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Drug Addiction

When looking at drug use, drug abuse, drug dependency and drug addiction, one finds that there are many divergent opinions about these terms and how they identify the drug-using behaviors of the public. Dr. Alan Leshner, the Director of the National Institute of Drug Abuse for the U.S. Government, states: "There is a unique disconnect between scientific facts and the public's perception of drug addiction."

From a lecture in March 1998, at the National Institutes of Health, Dr. Leshner explained how brain function is modified by drug use and how that change persists after an individual stops taking drugs. Addiction also has to be recognized as a result of many bio-behavioral factors.

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Dr. Leshner said a user does not have control over the change when voluntary drug use becomes a compulsive addiction. He likens the change to a flip of a switch, although the change may be a result of opponent processes where changes have accumulated over time. Regardless, Dr. Leshner believes it is important that people understand that once addicted, a person is literally in a different brain state.


Anyone who has known and witnessed the changes in behavior and ethics in a person caught in the thralls of addiction can see the declining spiral of personal care and ethics, work ethics, emotional stability and generally, a feeling that one hardly recognizes the addicted person as being the same individual as they were before the drug use.


One very important point to know is that any drug use may set off these destructive behaviors in an individual and that using drugs “recreationally” is playing Russian Roulette with one’s life. The effects of these “poisons” on the brain and nervous system are always destructive, but the timeline of when the effects will be obvious varies from immediately to, sometimes, after years of “casual” use.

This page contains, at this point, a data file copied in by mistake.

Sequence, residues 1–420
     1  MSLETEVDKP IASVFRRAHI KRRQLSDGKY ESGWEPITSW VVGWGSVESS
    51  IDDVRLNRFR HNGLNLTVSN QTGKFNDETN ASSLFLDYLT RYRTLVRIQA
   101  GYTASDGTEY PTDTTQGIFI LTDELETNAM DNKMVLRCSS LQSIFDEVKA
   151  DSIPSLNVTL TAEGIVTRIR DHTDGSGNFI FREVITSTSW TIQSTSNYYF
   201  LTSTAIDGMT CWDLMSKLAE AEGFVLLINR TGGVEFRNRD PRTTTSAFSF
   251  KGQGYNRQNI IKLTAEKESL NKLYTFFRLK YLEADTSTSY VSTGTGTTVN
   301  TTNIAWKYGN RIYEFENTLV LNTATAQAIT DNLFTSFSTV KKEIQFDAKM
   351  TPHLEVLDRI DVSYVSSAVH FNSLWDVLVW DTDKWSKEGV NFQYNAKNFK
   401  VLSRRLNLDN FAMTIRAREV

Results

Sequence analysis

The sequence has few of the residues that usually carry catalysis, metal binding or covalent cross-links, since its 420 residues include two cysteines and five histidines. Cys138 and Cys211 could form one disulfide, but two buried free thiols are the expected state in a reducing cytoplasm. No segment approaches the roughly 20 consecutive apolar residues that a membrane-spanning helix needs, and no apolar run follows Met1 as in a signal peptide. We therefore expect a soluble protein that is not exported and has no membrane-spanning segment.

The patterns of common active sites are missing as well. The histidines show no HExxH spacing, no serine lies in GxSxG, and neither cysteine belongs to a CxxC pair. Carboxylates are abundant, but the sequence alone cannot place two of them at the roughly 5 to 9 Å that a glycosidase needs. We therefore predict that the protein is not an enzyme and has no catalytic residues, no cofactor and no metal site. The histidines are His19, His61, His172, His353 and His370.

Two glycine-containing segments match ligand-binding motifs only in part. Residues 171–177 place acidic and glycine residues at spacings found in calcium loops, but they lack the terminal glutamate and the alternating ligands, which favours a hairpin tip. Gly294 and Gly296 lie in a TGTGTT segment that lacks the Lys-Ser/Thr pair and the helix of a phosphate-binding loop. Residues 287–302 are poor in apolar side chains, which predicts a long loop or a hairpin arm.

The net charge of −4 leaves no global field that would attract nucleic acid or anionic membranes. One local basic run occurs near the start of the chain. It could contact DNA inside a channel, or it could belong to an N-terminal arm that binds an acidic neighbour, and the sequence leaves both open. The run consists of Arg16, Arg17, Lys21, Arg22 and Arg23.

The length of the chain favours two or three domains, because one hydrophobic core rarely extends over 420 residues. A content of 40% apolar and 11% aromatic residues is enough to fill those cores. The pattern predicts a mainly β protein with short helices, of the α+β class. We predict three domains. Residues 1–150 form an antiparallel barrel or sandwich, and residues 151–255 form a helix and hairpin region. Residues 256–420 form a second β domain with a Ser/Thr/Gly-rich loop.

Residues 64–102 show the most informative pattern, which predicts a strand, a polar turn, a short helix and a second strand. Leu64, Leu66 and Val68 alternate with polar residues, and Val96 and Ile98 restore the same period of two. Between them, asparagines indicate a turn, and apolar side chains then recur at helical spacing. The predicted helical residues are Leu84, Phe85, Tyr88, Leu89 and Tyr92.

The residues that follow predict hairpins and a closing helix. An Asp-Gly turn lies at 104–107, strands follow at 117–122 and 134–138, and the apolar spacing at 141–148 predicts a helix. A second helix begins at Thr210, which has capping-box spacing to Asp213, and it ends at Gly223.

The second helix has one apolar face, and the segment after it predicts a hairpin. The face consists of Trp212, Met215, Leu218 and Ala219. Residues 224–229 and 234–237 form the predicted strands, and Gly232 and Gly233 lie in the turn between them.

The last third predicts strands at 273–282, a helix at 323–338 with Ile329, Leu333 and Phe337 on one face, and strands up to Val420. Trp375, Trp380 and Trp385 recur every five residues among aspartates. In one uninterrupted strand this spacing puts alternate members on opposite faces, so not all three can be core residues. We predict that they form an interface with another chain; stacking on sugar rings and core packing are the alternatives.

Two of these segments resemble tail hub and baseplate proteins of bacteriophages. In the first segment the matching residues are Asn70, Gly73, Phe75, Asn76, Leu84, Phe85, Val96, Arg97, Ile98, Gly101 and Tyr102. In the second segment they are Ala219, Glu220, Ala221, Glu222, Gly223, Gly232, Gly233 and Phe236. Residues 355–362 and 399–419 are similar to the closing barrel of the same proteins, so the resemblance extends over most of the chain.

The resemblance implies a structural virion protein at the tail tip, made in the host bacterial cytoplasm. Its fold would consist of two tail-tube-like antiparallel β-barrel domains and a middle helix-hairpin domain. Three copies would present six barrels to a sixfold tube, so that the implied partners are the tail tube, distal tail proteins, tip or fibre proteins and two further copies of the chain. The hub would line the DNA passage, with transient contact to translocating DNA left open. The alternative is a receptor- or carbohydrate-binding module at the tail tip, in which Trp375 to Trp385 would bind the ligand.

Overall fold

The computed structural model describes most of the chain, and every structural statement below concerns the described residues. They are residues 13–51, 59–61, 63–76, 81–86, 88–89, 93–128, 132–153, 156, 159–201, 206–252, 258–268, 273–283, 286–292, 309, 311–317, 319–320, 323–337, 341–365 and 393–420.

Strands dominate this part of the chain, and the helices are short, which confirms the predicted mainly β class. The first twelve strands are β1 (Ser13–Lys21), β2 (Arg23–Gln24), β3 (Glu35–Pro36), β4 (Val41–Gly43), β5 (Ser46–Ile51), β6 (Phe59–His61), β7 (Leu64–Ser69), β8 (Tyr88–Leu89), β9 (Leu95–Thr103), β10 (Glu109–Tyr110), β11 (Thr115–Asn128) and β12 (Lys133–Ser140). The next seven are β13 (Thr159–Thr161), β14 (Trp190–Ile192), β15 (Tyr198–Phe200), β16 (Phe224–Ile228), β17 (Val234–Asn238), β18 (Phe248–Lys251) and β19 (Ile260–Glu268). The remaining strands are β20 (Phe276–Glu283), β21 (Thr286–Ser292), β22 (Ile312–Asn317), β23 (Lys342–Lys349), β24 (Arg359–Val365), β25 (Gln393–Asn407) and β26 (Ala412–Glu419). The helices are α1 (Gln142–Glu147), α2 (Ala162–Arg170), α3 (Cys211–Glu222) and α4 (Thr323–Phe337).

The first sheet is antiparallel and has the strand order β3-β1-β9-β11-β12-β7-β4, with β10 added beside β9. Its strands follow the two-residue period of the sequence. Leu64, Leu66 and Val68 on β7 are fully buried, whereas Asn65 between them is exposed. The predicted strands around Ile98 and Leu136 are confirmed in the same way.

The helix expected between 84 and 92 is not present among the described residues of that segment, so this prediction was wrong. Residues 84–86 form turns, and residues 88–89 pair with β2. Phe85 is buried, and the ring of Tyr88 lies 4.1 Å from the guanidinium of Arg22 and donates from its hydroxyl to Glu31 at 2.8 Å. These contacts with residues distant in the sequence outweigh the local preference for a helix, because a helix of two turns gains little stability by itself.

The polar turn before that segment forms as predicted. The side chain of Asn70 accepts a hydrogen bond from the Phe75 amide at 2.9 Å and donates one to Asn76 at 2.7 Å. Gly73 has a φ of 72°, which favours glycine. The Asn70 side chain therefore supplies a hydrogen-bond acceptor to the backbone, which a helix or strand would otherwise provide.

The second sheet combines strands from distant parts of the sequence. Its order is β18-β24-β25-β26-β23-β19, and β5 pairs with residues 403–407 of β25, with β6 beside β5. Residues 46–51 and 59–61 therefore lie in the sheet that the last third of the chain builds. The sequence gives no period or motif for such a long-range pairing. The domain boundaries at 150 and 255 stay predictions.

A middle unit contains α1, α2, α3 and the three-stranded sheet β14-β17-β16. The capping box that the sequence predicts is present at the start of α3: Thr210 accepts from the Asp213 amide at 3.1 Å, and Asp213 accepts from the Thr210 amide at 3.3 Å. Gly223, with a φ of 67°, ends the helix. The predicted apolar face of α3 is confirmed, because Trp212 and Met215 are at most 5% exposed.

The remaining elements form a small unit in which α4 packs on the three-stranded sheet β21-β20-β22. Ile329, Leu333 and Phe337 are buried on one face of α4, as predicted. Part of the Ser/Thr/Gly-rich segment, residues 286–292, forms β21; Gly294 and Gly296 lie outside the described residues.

The scientists say that one of the tasks of treatment is bringing the brain to its original state or repairing the damage that these poisons can do. Some scientists believe that this can be done by introducing other drugs, then called medicines, into the delicate brain chemistry of someone suffering from drug addiction. That is what National Institute of Drug Abuse (NIDA) is doing now as it begins to design new medications. "We have molecular targets," Dr. Leshner said.” We don't need serendipity." Serendipity is defined as “a natural gift for making useful discoveries by accident.”


However, don’t be fooled by the scientist since they have yet to discover any medications that restore a person to full and, more importantly, enthusiastic living. These “medicines” are always a tradeoff in giving up some of the beauties of life to keep the addict from using a more destructive drug. For a total cure, one should pursue getting the original poisons out of the body and letting the body’s natural repair mechanism restore the person to his original, functional and loving self.


Kent McGregor,
ACSW, LADC

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Marcel Gemme

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Marcel Gemme has been helping people struggling with addiction for over 19 years. He first started as an intake counselor for a drug rehabilitation center in 2000. During his 5 years as an intake counselor, he helped many addicts get the treatment they needed. He also dealt with the families and friends of those people; he saw first-hand how much strain addiction puts on a family and how it can tear relationships apart. With drug and alcohol problems constantly on the rise in the United States and Canada, he decided to use the Internet as a way to educate and help many more people in both those countries. This was 15 years ago. Since then, Marcel has built two of the largest websites in the U.S. and Canada which reach and help millions of people each year. He is an author and a leader in the field of drug and alcohol addiction. His main focus is threefold: education, prevention and rehabilitation. To this day, he still strives to be at the forefront of technology in order to help more and more people.

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